Word and Image

Street Fair

Three bake sales and an art show

The same weekend: three bake sales and one art craft sale. There were two bake sales in two churches. One church was selling specialty knives in addition to baked goods. We got knives. Why? Don’t know. The second church sold books and baked goods. We got books. Six grandchildren all read. We don’t need books. But who can resist a book sale. The art was Delaware by hand and displayed the wares of craftsman from the area. We looked and admired. As expected, the price of handmade craft was expensive. In between we hit a yard sale. That was priceless. There was junk. Someone sold a Kitchen Aid mixer (not junk). Her neighbor dutifully handed over cash and the sale was done before our eyes. We bought a vintage baby buggy from the very same neighbor. Ok! I got another project to fix up. The last stop was the AARP scholarship show – craft, baked goods, and a farmer’s market with corn straight from Georgia. It was a packed day.


Oooops!

Open mouth, insert foot. As a physician/surgeon I saw a lot of patients and their families. As a surgeon, who doesn’t need to know, never ask if a family member is pregnant though she may look very much so. Don’t ask when they are due. Do not congratulate them. Odds are, you are correct. And then, once in a while you are mistaken. “I’m not pregnant.” Yup, ooops!

It’s like it never happened. This belly dancing class was giving a demonstration in Maine. Yup, Maine. Do I remember? Yes, I remember the demonstration but not the particulars to any of the participants. Congratulations! The kid must be near ten by now.

 


Lincoln Center

Old photos. I came across this. It’s about 2002, Lincoln Center. Barbara Cook – quite the diva. She’s starring. I didn’t know her at the time. About a decade later I discovered the American songbook. She’s a big part of it. Who knew? Lots of folks. I was late to the party. There was a craft fair that day I took this slide. Now that’s a full circle for me. Look! Sheep! A sheep shearing demo. Considering what I know about weaving, it’s odd to see that this image is in my files and I only just ran across it. How significant insignificant things seem on second look. History’s a funny thing.


Glass Blowing

Glassblowing. Scientific glass blowing. I didn’t know that this was an occupation. Two. Two in a row. Yup. Two in one day. Only yards apart and neither seemed to notice each other. Scientific? Well, that’s an Erlenmeyer flask getting an attachment. Why? Industrial manufacturing technique should be way more efficient. But this custom guy does repairs and specialty work. It’s a living. Notice: I was told to wear violet glasses. They work! The yellow color is removed. It helps to see the glass better while he’s working on it. To me it’s just a neat trick since I’m photographing. How? Just put the violet glass over my camera lens. Ha! I’ve done this before. Jules taught me the trick. We held a pair of binoculars up to the camera lens. Would you believe that?


Cloudy with a chance of meatballs

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Read the book; it’s hilarious. My kids loved it. It rained recently. It seemed like it had been raining for days. We had been on an extended road trip. Don’t ask. (I’m not telling anyway.) I am sorry to say but not ashamed to admit that I shoot as I drive. Point and shoot. Really. I don’t do much more than point and press the shutter. I do have some experience at this. So I get what I want (mostly). You can’t stop too often. ….gotta get there.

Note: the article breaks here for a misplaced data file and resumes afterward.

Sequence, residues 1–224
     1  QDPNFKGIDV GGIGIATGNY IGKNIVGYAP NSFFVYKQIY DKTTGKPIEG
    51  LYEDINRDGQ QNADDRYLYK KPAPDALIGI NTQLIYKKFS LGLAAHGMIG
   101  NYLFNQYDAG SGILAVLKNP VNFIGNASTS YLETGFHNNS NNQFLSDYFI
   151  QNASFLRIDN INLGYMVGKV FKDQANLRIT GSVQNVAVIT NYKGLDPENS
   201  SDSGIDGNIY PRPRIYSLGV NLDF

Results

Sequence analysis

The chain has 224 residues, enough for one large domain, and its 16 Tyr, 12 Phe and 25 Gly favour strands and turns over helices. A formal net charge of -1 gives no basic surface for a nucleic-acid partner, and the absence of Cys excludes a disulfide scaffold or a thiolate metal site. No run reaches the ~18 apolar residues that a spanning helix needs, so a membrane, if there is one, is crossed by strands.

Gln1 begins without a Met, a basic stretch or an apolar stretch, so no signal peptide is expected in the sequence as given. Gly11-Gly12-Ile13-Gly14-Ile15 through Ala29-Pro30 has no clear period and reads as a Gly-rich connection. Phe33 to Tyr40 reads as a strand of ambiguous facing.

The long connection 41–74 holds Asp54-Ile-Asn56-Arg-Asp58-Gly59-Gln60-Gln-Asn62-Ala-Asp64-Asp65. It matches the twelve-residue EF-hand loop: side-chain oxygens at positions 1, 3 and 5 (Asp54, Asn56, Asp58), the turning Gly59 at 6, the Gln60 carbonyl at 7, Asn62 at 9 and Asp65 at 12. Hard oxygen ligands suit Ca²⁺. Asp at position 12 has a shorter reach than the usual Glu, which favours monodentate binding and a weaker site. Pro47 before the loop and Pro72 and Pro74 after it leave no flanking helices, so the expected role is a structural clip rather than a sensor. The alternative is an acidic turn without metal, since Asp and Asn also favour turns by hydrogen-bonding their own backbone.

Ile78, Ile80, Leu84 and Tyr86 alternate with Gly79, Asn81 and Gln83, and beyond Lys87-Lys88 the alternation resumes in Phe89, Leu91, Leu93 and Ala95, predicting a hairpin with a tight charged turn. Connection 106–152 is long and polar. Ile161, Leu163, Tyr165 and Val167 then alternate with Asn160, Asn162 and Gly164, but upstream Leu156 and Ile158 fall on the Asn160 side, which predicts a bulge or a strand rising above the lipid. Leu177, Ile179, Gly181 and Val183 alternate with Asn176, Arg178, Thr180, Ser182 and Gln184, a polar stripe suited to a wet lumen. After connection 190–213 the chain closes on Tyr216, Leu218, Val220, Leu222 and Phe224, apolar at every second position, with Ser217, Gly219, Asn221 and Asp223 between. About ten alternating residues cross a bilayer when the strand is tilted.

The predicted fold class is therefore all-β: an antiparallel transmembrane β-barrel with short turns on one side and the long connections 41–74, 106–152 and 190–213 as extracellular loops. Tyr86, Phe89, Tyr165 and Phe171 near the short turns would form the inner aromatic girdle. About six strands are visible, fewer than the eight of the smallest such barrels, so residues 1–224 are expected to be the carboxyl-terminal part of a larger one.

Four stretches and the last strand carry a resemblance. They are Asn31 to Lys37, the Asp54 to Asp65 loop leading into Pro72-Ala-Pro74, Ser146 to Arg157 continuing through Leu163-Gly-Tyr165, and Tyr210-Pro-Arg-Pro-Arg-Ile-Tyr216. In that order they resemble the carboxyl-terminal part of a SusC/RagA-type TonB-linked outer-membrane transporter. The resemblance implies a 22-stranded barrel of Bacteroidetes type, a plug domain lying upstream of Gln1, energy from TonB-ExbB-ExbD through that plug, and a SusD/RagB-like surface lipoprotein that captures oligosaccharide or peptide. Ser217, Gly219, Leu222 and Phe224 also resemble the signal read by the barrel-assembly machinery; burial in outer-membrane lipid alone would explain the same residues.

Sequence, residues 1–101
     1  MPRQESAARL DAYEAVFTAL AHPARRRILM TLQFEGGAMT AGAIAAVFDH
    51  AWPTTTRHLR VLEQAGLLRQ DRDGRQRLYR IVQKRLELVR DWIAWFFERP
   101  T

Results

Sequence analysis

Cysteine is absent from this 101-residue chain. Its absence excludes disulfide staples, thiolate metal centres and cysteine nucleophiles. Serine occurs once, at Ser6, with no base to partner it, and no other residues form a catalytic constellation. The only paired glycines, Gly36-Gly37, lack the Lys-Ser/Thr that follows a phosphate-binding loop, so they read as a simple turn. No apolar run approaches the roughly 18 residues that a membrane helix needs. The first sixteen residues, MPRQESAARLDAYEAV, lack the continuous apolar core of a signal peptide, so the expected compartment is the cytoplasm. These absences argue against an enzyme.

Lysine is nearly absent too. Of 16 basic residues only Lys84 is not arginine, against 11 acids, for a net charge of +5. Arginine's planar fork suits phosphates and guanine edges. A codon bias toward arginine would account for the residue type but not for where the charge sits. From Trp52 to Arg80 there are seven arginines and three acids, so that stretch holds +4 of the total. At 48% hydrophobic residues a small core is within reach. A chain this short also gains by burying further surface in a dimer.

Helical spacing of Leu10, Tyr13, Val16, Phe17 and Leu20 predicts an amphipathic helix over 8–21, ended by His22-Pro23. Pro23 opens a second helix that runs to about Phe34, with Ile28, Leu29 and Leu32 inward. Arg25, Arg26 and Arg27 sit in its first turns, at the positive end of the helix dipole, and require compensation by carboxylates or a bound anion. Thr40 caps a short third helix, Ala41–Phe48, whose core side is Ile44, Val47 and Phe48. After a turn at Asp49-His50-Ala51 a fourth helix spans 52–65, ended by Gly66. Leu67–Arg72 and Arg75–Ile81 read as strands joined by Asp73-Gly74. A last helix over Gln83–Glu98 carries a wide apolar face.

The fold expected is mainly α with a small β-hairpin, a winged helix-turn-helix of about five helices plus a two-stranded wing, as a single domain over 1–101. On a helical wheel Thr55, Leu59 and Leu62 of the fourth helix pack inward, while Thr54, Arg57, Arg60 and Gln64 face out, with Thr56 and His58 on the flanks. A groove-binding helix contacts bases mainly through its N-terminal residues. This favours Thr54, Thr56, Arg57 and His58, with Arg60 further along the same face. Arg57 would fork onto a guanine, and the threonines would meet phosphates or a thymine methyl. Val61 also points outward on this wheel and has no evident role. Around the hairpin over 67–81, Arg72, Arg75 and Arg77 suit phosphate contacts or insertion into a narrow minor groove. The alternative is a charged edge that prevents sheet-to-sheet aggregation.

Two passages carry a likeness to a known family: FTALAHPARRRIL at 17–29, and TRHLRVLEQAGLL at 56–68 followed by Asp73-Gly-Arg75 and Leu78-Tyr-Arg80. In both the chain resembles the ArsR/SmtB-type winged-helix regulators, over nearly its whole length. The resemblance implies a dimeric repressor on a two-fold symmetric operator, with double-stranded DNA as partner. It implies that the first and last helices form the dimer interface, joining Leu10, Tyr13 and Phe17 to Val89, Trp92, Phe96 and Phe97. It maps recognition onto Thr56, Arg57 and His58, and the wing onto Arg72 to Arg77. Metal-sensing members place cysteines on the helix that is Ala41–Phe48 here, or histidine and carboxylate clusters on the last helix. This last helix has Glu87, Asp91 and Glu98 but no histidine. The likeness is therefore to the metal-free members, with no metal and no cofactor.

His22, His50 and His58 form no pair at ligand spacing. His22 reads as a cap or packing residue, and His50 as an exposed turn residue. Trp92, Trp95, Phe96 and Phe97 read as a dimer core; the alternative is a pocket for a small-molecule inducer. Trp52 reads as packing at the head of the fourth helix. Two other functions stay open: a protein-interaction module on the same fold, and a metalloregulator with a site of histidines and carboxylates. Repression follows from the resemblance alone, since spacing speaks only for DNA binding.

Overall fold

Gambling

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While spinning wheels are on my mind I’d like to tell you another story. Maryland Sheep and Wool Festival. Worldwide and from across the USA people come. The traffic line was more than a mile long. And no one cut in. My my, what a polite crowd. Big? You bet! And just to see sheep, really? Yup. I was pretty impressed. The hillside was covered with cars. They’ve done this before. And the fairgrounds were packed.

Gambling? There was an auction. People were selling. Part of the sale went to support the next fair. You name it, there were things of value and junk. Outright junk. You sort and figure is all out. A single spinning wheel, a very special one, never before on the auction block went for more than $2000. And junk was sold for $5. You had to bid. It was friendly as long as you weren’t bidding against a nut case. You also need to have an idea of price. Oh yeah! Like I know spinning wheels and the cost of looms. Good stuff. As is. Who knows. Old things and brand new in the box. So I watched. Saw that $2000 wheel go to a woman whose husband approved. My my, that’s a lot. And then I put in a bid on a flax spining wheel. I got a nod. The auctioneer was not looking my way. I had to make noise. You sort of grunt ascent and wave your hand. Don’t look like you are scratching your head. And then it comes down to two or three women who stay in and drive up the price until the determination in my eye or the price exceeds their desire. Got it. As in, I bought it.  No, silly, I didn’t take a picture. I don’t shoot everything.

The last time I did an auction was back when my kids were 8 or 10 years old. Their school auctioned off a large white stuffed bear. How large? Bigger than my two kids combined. They were impressed. Me too! I got it for about $20. The very next year at the same auction I got another but smaller bear for another $20. After that never again. I’m not a gambler by nature. I think that I would be tempted and lose the family farm if I were in Las Vegas. The worst I ever did was lose $5 in Atlantic City. (We had to pay for parking to enter the casino.)